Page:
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Help a Mom: How to set up a chore system for kids

Posted December 27, 2011

This mom would like her kids to help out more around the house, but they will barely do the basics.

Here's her question:

"An issue we have at my house is trying to set up a chore system for the kids. It's a struggle to get them to do the basics, so I'd love to hear what has worked for other parents to motivate their kids to get chores done."

Have you had the same problem? Can you help this mom? Please share in the comments box below. (If you don't see the comments box below, you'll need to log in or sign up for a WRAL account. You can do that by going to the top of the page and clicking on either "log in" or "register").

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  • kidcouch Dec 29, 2011

    For our family the 'Chore Pad' app in the Apple store has made a world of difference :) easy to update on the fly and keeps track of everything. Prior to that, we did line drawings on our big whiteboard of the daily chores.

  • diveyrround Dec 28, 2011

    What age do you all recommend to start chores with a kid? Mine is 5yrs old. Too young or start now?

  • babbleon Dec 28, 2011

    (ps: My mom's system is just Killian's with details.)

  • babbleon Dec 28, 2011

    My mom said Friday evening was the time when we did housecleaning. We did it as a family. We had the same list of stuff every week that had to be done (empty trash, pick up rooms, sweep, shake rugs), we could pick which chores we wanted to do, we checked the chores off (immediate gratification), and we didn't watch Sat morning cartoons until the chores were done. iirc, it took an hour or so.

    During the week, the kids had dish nights (mom took one), and we had to keep the living room minimally picked up.

    The key for our family was that chores weren't 'special' work we did - they were just what happened every day / week. It helped that we could negotiate chores - I didn't mind cleaning the bathroom, but I didn't like to sweep. It gave us some control & made us feel more grown up.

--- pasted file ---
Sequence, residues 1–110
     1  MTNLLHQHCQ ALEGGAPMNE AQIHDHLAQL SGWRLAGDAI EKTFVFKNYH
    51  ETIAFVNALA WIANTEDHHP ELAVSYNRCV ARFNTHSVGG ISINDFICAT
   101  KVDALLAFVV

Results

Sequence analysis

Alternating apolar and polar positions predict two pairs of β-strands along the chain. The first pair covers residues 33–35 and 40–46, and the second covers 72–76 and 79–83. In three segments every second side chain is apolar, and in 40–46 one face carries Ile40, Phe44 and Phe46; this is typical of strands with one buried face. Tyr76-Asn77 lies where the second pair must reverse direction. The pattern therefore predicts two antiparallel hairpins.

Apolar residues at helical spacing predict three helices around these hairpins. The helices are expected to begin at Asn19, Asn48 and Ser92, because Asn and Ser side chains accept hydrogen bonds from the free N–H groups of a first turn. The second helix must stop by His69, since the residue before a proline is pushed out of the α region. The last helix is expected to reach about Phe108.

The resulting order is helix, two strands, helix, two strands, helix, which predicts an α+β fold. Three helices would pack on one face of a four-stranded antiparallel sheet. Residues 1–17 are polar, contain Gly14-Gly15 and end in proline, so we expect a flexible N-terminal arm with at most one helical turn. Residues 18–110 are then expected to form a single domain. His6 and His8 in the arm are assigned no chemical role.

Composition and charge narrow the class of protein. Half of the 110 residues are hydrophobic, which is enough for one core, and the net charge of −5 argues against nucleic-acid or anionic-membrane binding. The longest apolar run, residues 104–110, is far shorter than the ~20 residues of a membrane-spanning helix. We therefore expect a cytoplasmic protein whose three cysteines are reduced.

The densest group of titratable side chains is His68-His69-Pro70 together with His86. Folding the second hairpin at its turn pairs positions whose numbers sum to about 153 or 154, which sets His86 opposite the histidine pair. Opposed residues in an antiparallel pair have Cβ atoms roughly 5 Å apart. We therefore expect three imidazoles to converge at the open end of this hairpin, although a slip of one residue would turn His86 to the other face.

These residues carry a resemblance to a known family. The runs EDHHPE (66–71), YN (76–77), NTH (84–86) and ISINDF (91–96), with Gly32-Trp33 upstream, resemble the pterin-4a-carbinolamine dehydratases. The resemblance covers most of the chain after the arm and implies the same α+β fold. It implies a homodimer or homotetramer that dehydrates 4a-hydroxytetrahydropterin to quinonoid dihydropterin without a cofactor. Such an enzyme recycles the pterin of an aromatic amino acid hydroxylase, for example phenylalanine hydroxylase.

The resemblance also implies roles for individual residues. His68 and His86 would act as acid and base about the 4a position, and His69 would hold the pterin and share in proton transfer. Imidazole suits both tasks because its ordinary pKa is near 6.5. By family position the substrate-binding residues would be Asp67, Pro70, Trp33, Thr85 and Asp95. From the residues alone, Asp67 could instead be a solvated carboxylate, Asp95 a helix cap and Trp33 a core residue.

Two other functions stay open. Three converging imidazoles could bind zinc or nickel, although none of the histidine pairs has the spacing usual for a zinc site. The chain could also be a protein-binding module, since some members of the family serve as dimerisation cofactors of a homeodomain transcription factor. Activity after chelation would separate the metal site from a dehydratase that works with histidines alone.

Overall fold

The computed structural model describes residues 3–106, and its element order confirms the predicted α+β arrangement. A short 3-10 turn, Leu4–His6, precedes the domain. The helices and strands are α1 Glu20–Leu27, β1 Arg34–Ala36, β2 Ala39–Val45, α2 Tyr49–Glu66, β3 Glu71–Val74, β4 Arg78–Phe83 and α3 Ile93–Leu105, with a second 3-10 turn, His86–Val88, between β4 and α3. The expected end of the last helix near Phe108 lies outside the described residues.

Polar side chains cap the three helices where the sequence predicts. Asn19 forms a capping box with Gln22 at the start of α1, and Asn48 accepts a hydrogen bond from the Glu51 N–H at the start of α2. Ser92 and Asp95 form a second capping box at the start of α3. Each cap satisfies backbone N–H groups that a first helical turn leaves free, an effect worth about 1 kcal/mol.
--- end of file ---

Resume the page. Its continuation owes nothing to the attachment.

Additionally, we got a small allowance. If we wanted more $$, Mom had a list of extra chores we could do - shine shoes, wash cars, yard work.

  • JAT Dec 28, 2011

    Prayer works sometimes....

  • katie5 Dec 28, 2011 has chore charts that are dry erase, and you can get chore/task stickers to match. They have been featured in Go Ask Mom. Check it out.

  • claygriffith01 Dec 28, 2011

    The easiest way is to start young. My two-year old daughter picks up her own toys, and is in charge of throwing away any trash that she can reach (as long as it is safe to handle of course). She even tries to help by wiping the coffee table down when we are dusting, but she hasn't mastered that task yet. We started her out by having a "clean up song" (clean up, clean up, everybody everywhere, clean up, clean up, everybody do their share") and making sure to give her lots of praise when she started cleaning up on her own. Good Luck.

  • sat123 Dec 28, 2011

    My mom used a chart posted in the kitchen. It was a combination behavior / chore system. When we were good, we got stars, and when we were bad, we got strikes. We also got stars for chores. At the end of the week, I think each strike we got reduced our allowance by a certain amount, and each star we got increased it by a certain amount. Having the chart publicly visible sparked a little competition, and if you'd gotten a couple strikes that week, you'd do more chores to get the stars.

    It did make us do chores, but more than that, it made us find ways to get our father to do our chores for us. So, I guess it was also team-building?

  • Killian Dec 27, 2011

    The biggest two components, in my opinion are modeling and expectation. You do not *ask* your kids to do certain chores. Those are expected of *everyone* who lives in the house. You're a family, and a family functions as a team. So things like dishes, cleaning our bedrooms, picking up our laundry, are not things that are asked to do. Those are things you do because you live here, and we as adults do them because we live here, too.

    A chart with *everyone's* name on it (including mom and dad!) helps people remember who has which responsibility on which day. But other chores can be optional for money, or rewards.